And then they punch you right in your pituitary gland (which has to do with breast milk production, and I’ve heard has to do with hormones).
When you nurse, hormones are released that help you bond with your baby.The first month, they completely knock you out. I mean, head lolling to the side, snoring while nursing, OUT.
So make sure you don’t nurse somewhere that you might drop the baby. I had to have Tom wake up and sit beside me at night in the hospital when I would nurse to make sure Josey didn’t fall off the bed.
Another effect is that it makes you HUNGRY. I am always hungry. I had heard about so many women who got to be skinnier than before they were pregnant by nursing alone, but I am not one of them.
I lost a lot of weight at first, but I still had weight to lose. Then the hunger kicked in, and I could eat around the clock. I don’t think I will be able to get down to a weight I really like until I am done nursing.
Oh, and another effect that has occurred for me is hot flashes. This seems to make guys really uncomfortable to hear for some reason, but I always think, “is that grosser than me just sweating randomly for no reason?” I guess it is.
Anyway, the hormones will sometimes make me SO incredibly hot. It’s almost a heat that makes you angry because you just cannot get comfortable.
I feel like the sun is radiating from inside of my body. That’s the best I can describe it. It comes out of no where and goes away just as randomly.
You might get lucky and skip the melt-your-face-off heat that I get to enjoy.
You Can Do It…Because You’ve Got No Choice.
One hard thing about nursing is that it is ALL on you. You can pump, so someone else can give a bottle every now and then, but generally, you are the one getting up in the middle of the night or going to find a quiet place to nurse during vacation or a party.
So, I recommend you get a smart phone, if you don’t have one. It’s nice to be able to scroll through facebook, send a text or email, or check twitter when you’re feeling isolated.
I also recommend you nap if you are a stay at home mom. I’m not very good about following that advice, but every now and then, I lay down while she naps, and it makes a big difference. Since you’re the only one able to get up at night, you need to get sleep when you can.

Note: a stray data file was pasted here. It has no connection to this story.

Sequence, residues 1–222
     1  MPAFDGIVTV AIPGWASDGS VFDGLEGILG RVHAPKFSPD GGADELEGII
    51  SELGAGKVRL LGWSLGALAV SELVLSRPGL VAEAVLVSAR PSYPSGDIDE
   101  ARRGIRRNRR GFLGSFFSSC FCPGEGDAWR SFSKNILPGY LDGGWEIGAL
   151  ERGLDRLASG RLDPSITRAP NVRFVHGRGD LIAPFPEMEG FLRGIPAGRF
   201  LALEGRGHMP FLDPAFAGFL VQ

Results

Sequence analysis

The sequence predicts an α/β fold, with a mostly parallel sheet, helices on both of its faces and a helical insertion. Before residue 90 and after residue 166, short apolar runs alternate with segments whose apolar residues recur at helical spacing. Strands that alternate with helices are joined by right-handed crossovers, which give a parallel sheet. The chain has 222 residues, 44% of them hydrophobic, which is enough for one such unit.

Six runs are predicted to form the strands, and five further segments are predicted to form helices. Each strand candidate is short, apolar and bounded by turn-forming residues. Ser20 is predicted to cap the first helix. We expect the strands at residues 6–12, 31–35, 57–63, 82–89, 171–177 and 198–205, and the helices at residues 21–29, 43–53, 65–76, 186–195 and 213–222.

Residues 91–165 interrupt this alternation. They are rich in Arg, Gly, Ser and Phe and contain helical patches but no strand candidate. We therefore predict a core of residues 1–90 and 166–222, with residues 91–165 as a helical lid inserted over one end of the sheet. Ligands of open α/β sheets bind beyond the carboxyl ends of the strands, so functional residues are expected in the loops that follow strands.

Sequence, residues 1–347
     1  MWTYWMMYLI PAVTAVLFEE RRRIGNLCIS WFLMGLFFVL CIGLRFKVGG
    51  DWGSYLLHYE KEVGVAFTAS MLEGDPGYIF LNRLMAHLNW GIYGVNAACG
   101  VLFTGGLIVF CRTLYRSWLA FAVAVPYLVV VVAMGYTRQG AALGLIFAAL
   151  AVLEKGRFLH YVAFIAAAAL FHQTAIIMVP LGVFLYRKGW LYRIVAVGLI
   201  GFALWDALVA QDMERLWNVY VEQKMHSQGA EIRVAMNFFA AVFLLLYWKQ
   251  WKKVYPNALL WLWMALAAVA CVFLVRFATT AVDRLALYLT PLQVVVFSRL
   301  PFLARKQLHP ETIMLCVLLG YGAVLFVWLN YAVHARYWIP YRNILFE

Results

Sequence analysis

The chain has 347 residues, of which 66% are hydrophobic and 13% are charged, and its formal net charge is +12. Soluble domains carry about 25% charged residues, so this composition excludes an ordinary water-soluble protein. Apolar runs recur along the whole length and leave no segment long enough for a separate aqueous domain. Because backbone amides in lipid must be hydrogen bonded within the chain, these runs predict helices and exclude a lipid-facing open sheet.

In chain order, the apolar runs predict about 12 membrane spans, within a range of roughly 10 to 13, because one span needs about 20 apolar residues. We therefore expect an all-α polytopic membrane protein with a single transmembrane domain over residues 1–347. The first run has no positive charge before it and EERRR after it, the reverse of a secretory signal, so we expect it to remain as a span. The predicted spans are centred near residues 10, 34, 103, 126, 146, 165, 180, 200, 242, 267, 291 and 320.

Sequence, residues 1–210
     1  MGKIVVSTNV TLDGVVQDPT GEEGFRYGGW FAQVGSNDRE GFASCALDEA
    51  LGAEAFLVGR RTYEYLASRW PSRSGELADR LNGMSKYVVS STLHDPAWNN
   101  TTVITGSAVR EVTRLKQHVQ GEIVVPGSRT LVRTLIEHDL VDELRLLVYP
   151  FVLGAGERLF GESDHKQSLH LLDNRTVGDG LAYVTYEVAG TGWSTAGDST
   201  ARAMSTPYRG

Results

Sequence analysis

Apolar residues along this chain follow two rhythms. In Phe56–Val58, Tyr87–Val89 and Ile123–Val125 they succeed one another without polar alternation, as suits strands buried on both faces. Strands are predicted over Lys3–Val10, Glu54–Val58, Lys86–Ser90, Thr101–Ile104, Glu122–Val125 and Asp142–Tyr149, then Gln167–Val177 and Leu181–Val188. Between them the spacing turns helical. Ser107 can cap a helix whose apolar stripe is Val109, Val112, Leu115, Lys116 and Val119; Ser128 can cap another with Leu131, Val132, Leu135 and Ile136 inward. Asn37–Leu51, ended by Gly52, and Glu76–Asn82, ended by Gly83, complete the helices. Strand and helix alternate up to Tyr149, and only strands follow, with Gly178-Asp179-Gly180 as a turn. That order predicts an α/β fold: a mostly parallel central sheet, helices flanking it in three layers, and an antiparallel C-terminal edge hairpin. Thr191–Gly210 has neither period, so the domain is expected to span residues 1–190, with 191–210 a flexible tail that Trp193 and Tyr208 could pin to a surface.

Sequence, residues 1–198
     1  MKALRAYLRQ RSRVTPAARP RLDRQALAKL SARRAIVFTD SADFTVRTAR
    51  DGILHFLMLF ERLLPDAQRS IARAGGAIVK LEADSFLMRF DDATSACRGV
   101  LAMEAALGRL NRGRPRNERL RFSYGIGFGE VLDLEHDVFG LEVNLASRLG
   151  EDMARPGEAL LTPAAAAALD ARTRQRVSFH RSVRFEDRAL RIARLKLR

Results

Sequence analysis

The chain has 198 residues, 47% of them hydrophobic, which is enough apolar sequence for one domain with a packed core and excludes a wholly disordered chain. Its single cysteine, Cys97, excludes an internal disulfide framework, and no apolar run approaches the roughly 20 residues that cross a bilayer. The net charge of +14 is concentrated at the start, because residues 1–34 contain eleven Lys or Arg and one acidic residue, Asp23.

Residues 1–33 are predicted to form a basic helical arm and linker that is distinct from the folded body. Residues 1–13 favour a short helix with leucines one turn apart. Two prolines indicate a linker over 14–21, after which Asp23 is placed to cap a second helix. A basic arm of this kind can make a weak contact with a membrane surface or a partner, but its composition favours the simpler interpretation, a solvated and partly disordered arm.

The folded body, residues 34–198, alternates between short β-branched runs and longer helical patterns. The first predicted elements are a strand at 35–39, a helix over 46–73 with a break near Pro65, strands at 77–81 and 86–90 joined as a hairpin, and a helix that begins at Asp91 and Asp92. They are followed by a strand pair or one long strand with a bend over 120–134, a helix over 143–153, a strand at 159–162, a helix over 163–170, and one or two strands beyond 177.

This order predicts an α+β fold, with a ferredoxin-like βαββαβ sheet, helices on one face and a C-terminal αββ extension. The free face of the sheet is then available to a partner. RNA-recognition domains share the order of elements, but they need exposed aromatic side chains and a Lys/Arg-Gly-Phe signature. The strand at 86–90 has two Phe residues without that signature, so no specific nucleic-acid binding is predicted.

Don’t Be A Milk Snob
It’s true that breastmilk is naturally made for babies and is therefore the best option if you can do it.
BUT it’s also worth noting that even if you want to nurse, stick it out, and are doing all you can (eating enough, staying healthy, etc.), sometimes nursing just isn’t an option.
Some women don’t produce enough milk, dry up, or produce more of the foremilk than the hindmilk, which is the thicker, fatty milk that helps your baby grow. It just happens.
Other women are just prone to mastitis or have breasts that make nursing next to impossible. Pumping might work, but if not, your pediatrician can recommend a formula.
And honestly, you never know why a person isn’t nursing, so don’t make them feel judged. Nursing can be HARD.
There are times that it’s sweet and calm and beautiful, but there are often times it’s not. Whether a person can’t or just doesn’t want to, it’s important to respect their choices.
And because gosh darn it, being a mom requires a lot of you, and whether or not you nurse is no yardstick by which to measure someone’s love of their baby.
So I’m done with my soapbox now, but I needed to say that.
And that’s where I am right now.
I’ll come back and update more as I progress through the rest of her first year of life. I hope this is helpful to you and doesn’t just scare you away from nursing.
It can be tough. But it’s also very worth it. If you aren’t prepared for reality, it makes it harder. I don’t regret sticking it out, and Josey is a great nurser (most of the time), for which I can take very little (if any) credit.
If you have already been there/done that with nursing, I am sure you have something to share that would be of value to all of us, so please feel free to comment below. Any tips/encouragement for moms would be great!